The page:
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Variety invited Isaiah and his family to the Principal Charity Golf Classic Isaiah was presented with his brand new, lime green specialized bicycle, complete with pulley system and a trainer for using it as a stationary bike. Isaiah declined the opportunity to address the crowd, but he eagerly climbed out of his wheelchair and onto his new bike and rode it proudly off of the green and onto the patio of the clubhouse.

Isaiah has spent many hours biking with his siblings. It is amazing to think about what a difference a small thing like a bicycle can make in the life of a child who often does not get to experience the same independence as other children. When Isaiah was asked what the best thing about his new bike was, he had one word, “Speed.” What joy it brings to our hearts that he gets to experience the thrill of speed!

Variety of Illinois

Jackson Cunningham, from Oakwood, Illinois, is no ordinary 11 year old. He suffered a stroke when he was 8 that left him unable to move a muscle on his left side. The resulting foot drop and his overall instability caused Jackson to frequently stumble and trip. Jackson was at high risk of falling and sustaining serious injuries that could have increased the chance for impairments, activity limitations, and participation restrictions and without sufficient exercise, muscles atrophy and lose strength and mass, which can lead to significant loss of limb function

Denied by insurance, the Cunningham’s turned to Variety of Illinois, which granted Jackson a WalkAide Functional Electrical Stimulation System, which improved his walking ability.

Jackson became one of the 100 pediatric stroke patients the Rehabilitation Institute of Chicago sees each year. Jackson and his family were highly motivated and dedicated to the rehabilitation process – not only for Jackson, but for another special stroke victim — Senator Mark Kirk of Illinois, whose stroke came a year later. Jackson had been through hundreds of hours of rehab, and knew exactly what the Senator would be facing, so he wrote a letter letting the Senator know that he was going to be okay. “Do not give up on yourself. All the hard work is worth it. RIC will make you work hard, but you’ll get lots of things back fast.” Jackson wrote.

Jackson’s letter-writing was the brain child of his speech therapist, who used the exercise to help him relearn cognitive skills. To his surprise, the Senator wrote back and not only commented on what they have in common but offered his own words of encouragement, “My mother used to say: ‘Socks up! Little Cabbage!’ which is another way of saying ‘Keep your spirits up!’”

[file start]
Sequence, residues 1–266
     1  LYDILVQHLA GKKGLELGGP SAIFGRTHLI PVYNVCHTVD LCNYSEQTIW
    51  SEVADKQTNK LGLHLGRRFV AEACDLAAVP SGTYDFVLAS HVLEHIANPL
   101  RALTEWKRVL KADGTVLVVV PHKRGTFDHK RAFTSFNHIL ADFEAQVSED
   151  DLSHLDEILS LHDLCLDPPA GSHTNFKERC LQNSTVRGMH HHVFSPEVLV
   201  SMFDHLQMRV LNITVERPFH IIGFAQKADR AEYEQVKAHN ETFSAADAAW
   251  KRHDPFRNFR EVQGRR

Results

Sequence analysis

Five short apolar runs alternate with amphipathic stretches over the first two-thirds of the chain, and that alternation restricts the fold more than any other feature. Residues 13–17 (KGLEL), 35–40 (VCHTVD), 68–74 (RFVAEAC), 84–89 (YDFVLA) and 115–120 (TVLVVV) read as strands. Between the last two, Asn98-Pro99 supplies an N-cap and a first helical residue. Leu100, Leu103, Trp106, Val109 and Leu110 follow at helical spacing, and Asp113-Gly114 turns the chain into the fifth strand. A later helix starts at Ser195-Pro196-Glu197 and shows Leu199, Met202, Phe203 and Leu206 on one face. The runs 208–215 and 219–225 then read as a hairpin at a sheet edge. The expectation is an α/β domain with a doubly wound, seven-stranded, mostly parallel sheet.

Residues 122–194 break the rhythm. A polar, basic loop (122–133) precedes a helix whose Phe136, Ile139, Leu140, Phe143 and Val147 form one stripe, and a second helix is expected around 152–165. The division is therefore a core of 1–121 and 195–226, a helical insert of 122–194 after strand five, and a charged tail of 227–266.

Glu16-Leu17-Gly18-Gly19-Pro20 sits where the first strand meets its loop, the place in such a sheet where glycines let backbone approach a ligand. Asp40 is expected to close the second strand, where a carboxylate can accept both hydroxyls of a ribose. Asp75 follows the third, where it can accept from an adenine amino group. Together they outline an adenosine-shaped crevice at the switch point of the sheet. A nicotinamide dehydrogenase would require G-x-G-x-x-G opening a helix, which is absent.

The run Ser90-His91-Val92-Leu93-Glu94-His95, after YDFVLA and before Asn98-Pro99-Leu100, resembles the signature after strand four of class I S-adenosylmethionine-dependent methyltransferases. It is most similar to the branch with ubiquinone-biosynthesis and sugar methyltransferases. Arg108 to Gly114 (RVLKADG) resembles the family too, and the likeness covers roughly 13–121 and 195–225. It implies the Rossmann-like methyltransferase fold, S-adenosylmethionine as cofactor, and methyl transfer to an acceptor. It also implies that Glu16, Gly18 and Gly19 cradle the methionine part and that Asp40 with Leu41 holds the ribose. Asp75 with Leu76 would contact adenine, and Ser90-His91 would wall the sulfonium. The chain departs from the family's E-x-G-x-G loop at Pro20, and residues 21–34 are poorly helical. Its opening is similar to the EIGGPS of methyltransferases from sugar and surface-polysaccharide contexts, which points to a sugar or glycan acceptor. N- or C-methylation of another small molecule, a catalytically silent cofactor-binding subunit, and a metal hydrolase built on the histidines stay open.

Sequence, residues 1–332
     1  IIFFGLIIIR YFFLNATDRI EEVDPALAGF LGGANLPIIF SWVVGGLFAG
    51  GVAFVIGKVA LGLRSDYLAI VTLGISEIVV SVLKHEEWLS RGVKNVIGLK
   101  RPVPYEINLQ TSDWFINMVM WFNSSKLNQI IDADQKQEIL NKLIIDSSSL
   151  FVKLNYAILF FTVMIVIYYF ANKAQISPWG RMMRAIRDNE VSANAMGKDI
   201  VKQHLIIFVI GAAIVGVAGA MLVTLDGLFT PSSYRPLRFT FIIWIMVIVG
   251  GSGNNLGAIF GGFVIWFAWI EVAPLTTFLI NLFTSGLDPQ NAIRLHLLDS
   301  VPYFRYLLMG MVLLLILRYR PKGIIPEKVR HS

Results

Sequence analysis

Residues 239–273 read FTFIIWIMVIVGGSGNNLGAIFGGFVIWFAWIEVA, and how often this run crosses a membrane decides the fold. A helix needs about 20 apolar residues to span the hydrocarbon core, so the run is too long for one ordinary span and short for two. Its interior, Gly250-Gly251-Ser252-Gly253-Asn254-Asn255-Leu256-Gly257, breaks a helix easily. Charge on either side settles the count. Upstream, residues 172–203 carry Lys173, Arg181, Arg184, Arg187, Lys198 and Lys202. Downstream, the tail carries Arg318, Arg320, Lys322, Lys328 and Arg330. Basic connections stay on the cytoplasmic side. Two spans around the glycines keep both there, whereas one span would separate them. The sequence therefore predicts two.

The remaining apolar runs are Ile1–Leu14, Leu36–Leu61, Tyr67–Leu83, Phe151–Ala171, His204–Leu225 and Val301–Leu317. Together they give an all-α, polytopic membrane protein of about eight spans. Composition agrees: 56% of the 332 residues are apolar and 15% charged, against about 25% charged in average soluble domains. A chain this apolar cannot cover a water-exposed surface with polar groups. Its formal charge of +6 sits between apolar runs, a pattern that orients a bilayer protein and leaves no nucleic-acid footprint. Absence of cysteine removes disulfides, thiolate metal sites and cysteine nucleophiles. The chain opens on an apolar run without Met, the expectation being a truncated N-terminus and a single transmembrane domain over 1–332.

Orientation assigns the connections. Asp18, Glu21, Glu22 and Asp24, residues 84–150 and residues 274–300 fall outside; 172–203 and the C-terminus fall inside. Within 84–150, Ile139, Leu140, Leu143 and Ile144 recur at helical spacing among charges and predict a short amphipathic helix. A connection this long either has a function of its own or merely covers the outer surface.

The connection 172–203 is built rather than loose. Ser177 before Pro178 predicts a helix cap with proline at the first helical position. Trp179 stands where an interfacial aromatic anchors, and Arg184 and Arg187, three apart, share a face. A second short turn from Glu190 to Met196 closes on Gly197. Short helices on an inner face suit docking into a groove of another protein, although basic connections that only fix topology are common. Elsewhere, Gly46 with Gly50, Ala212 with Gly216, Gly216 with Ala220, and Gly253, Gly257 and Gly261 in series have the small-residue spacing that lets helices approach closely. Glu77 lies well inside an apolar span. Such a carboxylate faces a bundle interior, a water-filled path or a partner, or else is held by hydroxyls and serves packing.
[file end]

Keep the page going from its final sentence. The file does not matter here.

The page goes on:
That Pen Pal campaign was the beginning of their friendship. After several letters back and forth, the Senator and his young supporter met at RIC when the Senator was still in a wheelchair and Jackson was back at RIC, when Jackson received a cast on his right arm, designed to make him use improve and use his left arm. He called it the “thumbs up” cast. Throughout both their long recoveries, Jackson and Senator Kirk championed each other often until they had the opportunity to meet.

“Dear Pen Pal,” Jackson wrote, “Yesterday was an amazing day! It was very cool that I got to meet you and it would be cool to see the Senate floor like you offered. Keep working hard so you can show me the Senate floor!!”

When Jackson became discouraged as he missed playing baseball, Senator Kirk reassured him, “Jackson,” he wrote, “I expect you’d do absolutely everything your doctors and PT folks say. And if you don’t, you’ll have to testify before the United States Senate.”

Throughout the over 30 letters the two exchanged, the most inspiring from Jackson was a five-second video of him running for the first time since his stroke. Senator Kirk said, “My great dream became to run alongside him.”

This sensational story was picked up by People Magazine on September 30, 2013 called, “An Amazing Friendship: Dear Senator, I had a Stroke Too,” by Sandra Sobiera J. Westfall. NBC Nightly News also ran this beautiful story.”

Variety of Georgia’s Caring for Kids

Variety of Georgia’s Caring for Kids program provides access to uncovered medical services and devices for special needs children. Variety was pleased to gift a new cochlear implant for Robert.

Robert was born deaf. At two-years old, he received his first right-ear cochlear implant and by ten, he received his first left-ear cochlear implant. This allowed him to listen and understand sounds that would eventually allow him to speak. Improved technology allowed Robert to progress in hearing and speech.

Robert, an excellent student, has a passion for science and swimming. He wants to study sea animals and become a marine biologist. Since hearing devices cannot be near water, he experiences one major setback.

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The solution: provide Robert with the first hearing device connected to the cochlear implant that can be used in water. Robert was excited, he knew scuba diving classes and exploring the underwater world were now in his reach. The new device would increase hearing clarity by at least 20% outside of the water and provide hearing capabilities in and near water. The price for the device was out of the family’s current financial capabilities and their insurance denied the claim. Disappointed and heartbroken, Robert’s mother reached out to Variety and his application was approved.

Robert’s new cochlear implant has allowed Robert to explore his passions and give him the opportunity to become a marine biologist. He is now able to swim, dive, and hear the sounds of water all around him. This is the newest technology; every sound enhanced to provide better hearing out of the water.